Spotify, Apple Music, Amazon and YouTube may hog many of the streaming headlines, but Rhapsody International / Napster is still going as a global streaming service too.
Its president and CEO Bill Patrizio outlined the company’s strategy, in a keynote session at the Midem conference today. He was interviewed by Midia Research MD Mark Mulligan, who asked about some of the dynamics of the global streaming markets as an opener.
“Today, there are about 175 million paying subscribers to music-streaming services. The expectation is that this growth is going to continue well into the future… With that growth is going to come a great deal of diversification: of product, of consumer experience, new technologies bringing consumers new ways to engage with the artists,” he said.
Napster currently has three million artists on its platform, more than 50m tracks, and it adds around 24,000 new music tracks a day. On average, its users listen to 30 hours of music a month, and they have created more than 200m playlists. “In 2017 the platform delivered over 500 million hours of music to subscribers around the world,” said Patrizio.
He said the second prong of Napster’s strategy is running streaming services for other brands and businesses. “We think that’s an important area of growth for our business, and how we’ll continue to compete and be successful in the future.”
But how does that help it survive in a world of Spotify, Apple Music and Amazon? “The market will still be dominated 80% we believe by those dominant players: Spotify, Apple… We expect it’s going to be a market size of about $7bn, moving towards potentially $20bn or $25bn… and that increasingly leaves opportunity for other players to participate. Even a 20% slice of a $20bn market is a $4bn market… and that’s what we’re going to focus on… This is not going to be about just bringing to market the $9.99 product that we have today. This is going to be about innovation, about new forms of experience.”
Mulligan asked where that differentiation will come from. “We think that today’s experience, the subscriptions that we’re all familiar with, represent incredible value to consumers,” said Patrizio. But over time, services will be looking to make more compelling, personalised experiences that will provide opportunities to increase revenue, he predicted. “Higher premium products will come to market, that will be relevant to segments of the market… but in the maturing of this industry, which is really only now in its infancy. 175 million [subscribers] is only in its infancy… and like any other consumer good, it will evolve and segment.”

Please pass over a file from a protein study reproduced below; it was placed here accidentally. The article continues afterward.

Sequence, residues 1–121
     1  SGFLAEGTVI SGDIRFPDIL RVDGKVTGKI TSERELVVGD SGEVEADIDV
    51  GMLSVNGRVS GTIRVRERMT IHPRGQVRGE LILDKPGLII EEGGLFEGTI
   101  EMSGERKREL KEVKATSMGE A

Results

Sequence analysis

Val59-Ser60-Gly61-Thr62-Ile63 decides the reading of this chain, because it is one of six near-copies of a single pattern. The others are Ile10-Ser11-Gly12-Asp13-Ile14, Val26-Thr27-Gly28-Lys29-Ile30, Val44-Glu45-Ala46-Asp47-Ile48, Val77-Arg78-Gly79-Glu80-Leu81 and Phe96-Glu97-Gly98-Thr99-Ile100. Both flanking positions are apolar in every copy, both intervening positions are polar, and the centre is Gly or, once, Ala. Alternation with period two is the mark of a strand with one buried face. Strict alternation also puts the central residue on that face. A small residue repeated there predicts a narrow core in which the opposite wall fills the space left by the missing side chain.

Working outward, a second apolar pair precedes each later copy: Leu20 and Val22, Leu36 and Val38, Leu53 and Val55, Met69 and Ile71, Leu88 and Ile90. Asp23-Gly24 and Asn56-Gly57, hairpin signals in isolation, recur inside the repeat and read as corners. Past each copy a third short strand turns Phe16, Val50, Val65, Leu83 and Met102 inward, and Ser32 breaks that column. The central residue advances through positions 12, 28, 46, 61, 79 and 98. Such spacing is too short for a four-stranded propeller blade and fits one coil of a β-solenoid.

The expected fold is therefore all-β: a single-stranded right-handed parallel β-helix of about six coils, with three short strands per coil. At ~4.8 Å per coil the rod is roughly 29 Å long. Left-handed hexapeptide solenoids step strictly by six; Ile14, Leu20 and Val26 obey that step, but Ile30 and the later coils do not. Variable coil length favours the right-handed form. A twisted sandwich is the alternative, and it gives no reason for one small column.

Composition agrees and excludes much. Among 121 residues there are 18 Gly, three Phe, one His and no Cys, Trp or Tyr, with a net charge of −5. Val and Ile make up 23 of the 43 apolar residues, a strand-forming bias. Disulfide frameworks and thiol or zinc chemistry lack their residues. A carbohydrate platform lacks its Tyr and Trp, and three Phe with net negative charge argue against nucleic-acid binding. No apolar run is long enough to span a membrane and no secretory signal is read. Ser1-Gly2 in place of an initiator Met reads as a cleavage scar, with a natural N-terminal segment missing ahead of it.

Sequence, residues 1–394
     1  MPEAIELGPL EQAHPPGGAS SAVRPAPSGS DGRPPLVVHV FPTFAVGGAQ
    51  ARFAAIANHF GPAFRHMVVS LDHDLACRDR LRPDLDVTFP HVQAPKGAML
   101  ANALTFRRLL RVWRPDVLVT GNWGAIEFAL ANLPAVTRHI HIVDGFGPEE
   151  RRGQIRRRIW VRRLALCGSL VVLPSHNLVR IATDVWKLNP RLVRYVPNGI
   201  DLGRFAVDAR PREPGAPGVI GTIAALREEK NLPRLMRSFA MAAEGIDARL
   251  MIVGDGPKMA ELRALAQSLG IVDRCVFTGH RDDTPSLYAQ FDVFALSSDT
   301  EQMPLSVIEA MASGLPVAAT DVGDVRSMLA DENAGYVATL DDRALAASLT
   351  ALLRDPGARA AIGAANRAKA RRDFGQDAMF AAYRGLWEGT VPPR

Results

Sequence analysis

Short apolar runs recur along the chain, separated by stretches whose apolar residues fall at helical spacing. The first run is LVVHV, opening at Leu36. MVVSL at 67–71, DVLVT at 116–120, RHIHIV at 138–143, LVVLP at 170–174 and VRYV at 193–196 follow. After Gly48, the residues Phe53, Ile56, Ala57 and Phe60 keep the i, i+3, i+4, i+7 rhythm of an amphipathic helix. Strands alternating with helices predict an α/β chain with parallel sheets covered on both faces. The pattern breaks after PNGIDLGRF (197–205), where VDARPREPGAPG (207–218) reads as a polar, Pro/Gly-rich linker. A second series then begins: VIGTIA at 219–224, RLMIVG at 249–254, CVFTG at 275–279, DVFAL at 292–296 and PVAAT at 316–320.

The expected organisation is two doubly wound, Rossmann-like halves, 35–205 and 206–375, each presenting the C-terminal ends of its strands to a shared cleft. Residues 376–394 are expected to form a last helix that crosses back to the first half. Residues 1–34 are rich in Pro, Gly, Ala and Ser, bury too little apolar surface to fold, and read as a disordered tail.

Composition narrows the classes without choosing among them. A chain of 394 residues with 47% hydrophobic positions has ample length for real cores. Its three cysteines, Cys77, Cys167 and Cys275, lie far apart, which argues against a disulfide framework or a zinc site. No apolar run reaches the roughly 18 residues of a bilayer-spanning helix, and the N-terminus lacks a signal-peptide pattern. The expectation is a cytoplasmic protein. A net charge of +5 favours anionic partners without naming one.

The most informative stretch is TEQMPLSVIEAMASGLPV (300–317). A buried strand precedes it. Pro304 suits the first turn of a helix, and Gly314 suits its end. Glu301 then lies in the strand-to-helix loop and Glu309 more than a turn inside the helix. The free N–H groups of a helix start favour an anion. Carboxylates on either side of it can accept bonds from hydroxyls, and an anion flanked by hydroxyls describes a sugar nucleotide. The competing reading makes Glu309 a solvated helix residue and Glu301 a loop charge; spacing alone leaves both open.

“Pricing is one lever to pull,” he continued. “But there are other levers to pull.” For example 5G mobile technology. “It’s going to bring to a music subscription service a completely new range of capabilities, of experiences, that can be monetised,” predicted Patrizio.
He admitted that a Napster can’t compete “toe-to-toe” with Spotify, so for his company to remain sustainable “we need to do sensible thing: frontal competition with Spotify in consumer-direct is not our final game.” But helping other kinds of businesses participate in the streaming market will be key to its future.
What does Napster look like in five years from now? “It’s back to the theme of segmentation,” said Patrizio. “We know there are very passionate, discrete groups of listeners who feel under-served… And the labels are concerned about the monetisation of their back catalogues, because the streaming services skew very heavily to pop and hip-hop… The catalogue is dwindling in its ability to be monetised, and that creates opportunities.”
He also talked about where the next 100 million streaming subscribers will come from: highly curated and personalised experiences in emerging markets, with careful attention to localisation and pricing. “The trick is to be agile and flexible with regard to rights,” he warned: so that pricing can be matched to the economic environment of the country.
Napster is also on the lookout for other companies, inclduing startups “Startups, acquihires, JVs, partnerships: a very important part of how we’re going to develop our business,” he said.
What about technology like cryptocurrencies and virtual reality? “Blockchain, Ethereum, not a new issue for the music industry: particularly around connecting artists and royalties… utilising smart contracts and blockchain and cryptocurrency to simplify that is something we’re participating with some of our peers in the industry,” he said, before adding that he doesn’t have a timeline to share on how soon that might be integrated into mainstream streaming services.